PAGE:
5 HR challenges that the C-suite faces in 2016
There’s a lot that’s challenging about effectively handling human capital management. Perhaps the toughest part is that you’re constantly struggling to work in two directions at once. Namely, you simultaneously have to “manage down,” meaning work with your employees and get the best out of them, and “manage up” – do what it takes to satisfy your company’s upper-level executives.
The job gets especially difficult when these two goals come into direct competition. Think about it – the executives in your organization want to maximize everyone’s productivity, increase their profits, improve the company’s reputation and ultimately achieve growth. This means asking a lot from your employees, which isn’t always easy.
This conflict is a constant problem in HR, but it’s probably best in the long run if your HR leaders and your top executives can work together, according to HR Morning. Christian Schappel, managing editor of What’s New in Benefits and Compensation, told the news source that generally, executives view their HR offices as a key asset – 42 percent said the department serves a key strategic function. He also cautioned, however, that there are difficulties.
“This has got to make you feel good,” Schappel noted. “Most C-suite execs view HR as a key component of their organizations’ success. What is troubling, however, is that HR and the C-suite do not appear to be on the exact same page when it comes to what the top workforce challenge is for their businesses currently.”
So what are the top challenges for business growth that lie ahead, according to today’s CEOs and CFOs? Schappel’s data reveals that there are five big ones to watch. Here are the major issues:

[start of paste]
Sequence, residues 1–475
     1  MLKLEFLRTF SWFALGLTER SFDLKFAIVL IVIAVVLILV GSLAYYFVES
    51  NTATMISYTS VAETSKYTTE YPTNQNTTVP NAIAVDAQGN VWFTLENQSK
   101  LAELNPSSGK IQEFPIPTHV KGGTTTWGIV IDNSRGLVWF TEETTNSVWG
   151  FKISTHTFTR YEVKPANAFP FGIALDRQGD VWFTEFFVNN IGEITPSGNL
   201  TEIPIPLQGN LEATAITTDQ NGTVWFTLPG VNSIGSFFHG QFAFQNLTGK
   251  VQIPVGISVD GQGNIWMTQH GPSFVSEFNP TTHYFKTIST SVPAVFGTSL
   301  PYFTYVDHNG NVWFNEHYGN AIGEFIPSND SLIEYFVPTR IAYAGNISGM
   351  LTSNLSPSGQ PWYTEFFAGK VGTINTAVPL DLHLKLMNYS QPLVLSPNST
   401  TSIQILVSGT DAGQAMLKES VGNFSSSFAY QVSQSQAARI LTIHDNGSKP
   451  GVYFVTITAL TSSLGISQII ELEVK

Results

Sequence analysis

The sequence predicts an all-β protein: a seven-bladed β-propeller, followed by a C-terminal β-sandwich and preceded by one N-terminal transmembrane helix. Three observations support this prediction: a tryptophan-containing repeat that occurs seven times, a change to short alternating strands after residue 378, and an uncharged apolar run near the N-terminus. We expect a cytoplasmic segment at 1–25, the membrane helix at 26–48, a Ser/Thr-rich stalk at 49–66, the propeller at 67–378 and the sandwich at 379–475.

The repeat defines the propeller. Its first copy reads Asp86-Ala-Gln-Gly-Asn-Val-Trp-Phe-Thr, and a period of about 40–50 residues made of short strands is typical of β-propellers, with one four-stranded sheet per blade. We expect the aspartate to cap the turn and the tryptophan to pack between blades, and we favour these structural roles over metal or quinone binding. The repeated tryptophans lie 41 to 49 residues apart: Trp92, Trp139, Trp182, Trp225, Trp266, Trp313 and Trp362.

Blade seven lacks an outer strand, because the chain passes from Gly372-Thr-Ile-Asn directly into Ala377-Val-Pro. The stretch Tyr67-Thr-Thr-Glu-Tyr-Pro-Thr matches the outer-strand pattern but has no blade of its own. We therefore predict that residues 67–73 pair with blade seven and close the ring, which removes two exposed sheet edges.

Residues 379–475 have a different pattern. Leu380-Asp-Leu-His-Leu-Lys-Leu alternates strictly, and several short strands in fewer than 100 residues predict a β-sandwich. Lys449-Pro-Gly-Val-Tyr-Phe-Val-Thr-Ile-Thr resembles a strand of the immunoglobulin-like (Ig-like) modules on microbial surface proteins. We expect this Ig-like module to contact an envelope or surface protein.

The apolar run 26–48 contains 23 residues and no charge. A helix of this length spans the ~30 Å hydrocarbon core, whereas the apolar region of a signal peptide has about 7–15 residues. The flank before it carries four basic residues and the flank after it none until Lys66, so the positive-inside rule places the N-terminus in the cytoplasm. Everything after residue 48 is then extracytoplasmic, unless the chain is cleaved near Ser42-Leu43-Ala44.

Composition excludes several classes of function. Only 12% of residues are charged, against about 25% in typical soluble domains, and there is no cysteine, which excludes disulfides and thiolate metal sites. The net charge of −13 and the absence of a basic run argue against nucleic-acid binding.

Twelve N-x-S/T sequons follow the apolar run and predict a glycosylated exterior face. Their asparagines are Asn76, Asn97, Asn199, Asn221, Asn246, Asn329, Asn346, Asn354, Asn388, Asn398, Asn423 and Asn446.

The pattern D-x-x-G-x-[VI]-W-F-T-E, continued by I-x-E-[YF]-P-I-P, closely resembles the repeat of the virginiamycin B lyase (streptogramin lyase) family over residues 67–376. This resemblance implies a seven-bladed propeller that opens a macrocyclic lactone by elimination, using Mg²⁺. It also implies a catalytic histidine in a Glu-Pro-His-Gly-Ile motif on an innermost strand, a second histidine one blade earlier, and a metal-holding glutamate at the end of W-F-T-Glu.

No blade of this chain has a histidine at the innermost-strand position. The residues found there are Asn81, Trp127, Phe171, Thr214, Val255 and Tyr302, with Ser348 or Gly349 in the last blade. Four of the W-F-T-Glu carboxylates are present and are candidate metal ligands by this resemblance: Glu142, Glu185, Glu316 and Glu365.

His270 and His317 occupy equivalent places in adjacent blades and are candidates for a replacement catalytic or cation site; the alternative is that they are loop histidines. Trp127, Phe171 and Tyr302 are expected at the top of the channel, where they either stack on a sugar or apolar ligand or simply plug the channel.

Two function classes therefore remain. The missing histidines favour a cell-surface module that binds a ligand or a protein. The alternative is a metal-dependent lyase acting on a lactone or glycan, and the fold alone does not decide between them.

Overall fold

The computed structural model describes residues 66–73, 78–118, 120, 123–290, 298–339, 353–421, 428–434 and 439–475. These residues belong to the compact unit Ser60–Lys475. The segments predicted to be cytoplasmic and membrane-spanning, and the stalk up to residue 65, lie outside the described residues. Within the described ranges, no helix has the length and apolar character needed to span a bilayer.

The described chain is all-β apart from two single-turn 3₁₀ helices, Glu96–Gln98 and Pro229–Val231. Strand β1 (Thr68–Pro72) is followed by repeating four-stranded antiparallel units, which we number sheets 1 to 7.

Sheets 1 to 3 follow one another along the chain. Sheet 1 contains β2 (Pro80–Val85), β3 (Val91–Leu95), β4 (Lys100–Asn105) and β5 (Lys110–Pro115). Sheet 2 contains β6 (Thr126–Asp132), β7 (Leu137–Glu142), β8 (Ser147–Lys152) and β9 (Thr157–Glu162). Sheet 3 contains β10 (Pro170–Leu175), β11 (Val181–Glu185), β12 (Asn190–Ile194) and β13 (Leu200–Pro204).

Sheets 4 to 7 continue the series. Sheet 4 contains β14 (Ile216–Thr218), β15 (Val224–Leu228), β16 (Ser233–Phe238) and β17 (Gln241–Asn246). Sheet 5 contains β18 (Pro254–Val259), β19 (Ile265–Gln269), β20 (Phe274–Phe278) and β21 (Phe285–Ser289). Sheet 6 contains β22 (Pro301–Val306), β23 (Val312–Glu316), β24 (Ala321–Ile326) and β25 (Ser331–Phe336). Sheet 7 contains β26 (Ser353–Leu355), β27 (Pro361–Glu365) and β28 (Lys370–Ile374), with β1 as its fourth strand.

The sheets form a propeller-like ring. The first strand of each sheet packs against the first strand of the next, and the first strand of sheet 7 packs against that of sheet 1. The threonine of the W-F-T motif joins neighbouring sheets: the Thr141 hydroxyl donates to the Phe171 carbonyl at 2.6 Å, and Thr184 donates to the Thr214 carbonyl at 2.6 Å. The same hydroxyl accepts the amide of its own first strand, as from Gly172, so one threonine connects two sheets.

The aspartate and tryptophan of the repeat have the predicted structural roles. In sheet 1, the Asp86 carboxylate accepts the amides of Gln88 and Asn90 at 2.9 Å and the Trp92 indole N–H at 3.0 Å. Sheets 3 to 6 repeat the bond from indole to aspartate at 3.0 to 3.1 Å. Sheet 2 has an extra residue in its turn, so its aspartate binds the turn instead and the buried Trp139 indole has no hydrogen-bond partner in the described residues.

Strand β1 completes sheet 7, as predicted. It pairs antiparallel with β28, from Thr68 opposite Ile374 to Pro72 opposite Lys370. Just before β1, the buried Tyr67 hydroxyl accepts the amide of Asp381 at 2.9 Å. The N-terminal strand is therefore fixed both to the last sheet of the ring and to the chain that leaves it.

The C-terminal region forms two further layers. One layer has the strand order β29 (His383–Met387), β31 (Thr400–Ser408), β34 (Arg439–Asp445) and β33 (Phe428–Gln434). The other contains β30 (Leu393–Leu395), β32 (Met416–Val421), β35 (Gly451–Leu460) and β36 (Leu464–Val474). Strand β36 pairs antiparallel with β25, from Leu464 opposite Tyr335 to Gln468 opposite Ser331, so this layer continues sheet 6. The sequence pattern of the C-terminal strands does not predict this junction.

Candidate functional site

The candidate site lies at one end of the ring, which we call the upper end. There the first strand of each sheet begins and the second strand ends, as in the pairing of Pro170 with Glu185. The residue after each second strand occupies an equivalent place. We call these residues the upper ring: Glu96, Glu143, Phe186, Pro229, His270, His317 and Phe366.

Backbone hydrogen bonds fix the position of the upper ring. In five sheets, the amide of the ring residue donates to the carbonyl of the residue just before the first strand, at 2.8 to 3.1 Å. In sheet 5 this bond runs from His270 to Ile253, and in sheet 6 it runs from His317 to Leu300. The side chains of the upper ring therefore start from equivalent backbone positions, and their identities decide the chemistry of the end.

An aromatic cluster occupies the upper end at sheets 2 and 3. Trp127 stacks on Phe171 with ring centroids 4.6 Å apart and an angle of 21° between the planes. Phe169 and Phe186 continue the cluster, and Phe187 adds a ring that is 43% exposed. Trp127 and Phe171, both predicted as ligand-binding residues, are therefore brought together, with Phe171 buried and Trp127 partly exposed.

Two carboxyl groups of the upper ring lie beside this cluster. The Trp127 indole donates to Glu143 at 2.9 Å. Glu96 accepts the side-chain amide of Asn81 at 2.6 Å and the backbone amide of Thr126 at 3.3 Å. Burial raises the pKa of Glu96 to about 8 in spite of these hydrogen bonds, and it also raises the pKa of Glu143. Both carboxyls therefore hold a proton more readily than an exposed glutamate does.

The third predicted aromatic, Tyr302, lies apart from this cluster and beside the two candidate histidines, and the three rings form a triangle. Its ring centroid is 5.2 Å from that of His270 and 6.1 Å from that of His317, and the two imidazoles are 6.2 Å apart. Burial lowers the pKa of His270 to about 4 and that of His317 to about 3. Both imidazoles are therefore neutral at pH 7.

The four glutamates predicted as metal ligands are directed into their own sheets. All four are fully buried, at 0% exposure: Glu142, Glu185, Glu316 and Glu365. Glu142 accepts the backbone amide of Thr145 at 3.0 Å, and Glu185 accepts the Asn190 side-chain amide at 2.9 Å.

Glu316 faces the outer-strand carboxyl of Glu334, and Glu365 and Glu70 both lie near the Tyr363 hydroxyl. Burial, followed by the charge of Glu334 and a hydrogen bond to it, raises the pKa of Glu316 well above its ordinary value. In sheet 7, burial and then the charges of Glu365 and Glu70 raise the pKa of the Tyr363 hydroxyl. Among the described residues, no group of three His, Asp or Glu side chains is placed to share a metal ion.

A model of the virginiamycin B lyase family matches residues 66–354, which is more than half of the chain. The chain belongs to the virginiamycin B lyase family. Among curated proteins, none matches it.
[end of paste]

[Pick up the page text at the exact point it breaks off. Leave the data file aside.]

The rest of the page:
As always, the No. 1 focus in HR is to keep employees engaged so they can achieve at the highest levels possible. This is a point of emphasis for everyone, from the CEO on down to the lowest-level HR staffer. All should be on the same page.
Even if your executives are thriving today, they won’t stay in those positions forever – which is why one priority for HR should be to help employees develop so that someday, a couple of them can take over. Look for leadership potential and nurture it.
Keeping pay competitive
The “war for talent” is raging worldwide, and the best resource companies have for keeping employees in their corner is an obvious one – money. HR leaders and financial execs will need to sit down and hammer out a compensation plan that keeps everyone happy.
Retaining high performers
An organization is as strong as its highest-performing talent. Therefore, it’s especially important to identify your best and brightest people and keep them happy. No one wants to lose their strongest employees to a competitor.
Reducing overall turnover
While the best performers matter the most, the reality is that all turnover can be draining in terms of HR’s time and money. Another goal in 2016 will be to keep the whole workforce happy and hold turnover to a minimum.